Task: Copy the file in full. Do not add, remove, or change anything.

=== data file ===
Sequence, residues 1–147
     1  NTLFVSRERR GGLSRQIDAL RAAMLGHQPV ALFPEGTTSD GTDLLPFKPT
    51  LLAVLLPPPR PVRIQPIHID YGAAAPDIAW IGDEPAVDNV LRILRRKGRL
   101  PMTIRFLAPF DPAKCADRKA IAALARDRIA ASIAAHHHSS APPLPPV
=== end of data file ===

Sequence, residues 1–147
     1  NTLFVSRERR GGLSRQIDAL RAAMLGHQPV ALFPEGTTSD GTDLLPFKPT
    51  LLAVLLPPPR PVRIQPIHID YGAAAPDIAW IGDEPAVDNV LRILRRKGRL
   101  PMTIRFLAPF DPAKCADRKA IAALARDRIA ASIAAHHHSS APPLPPV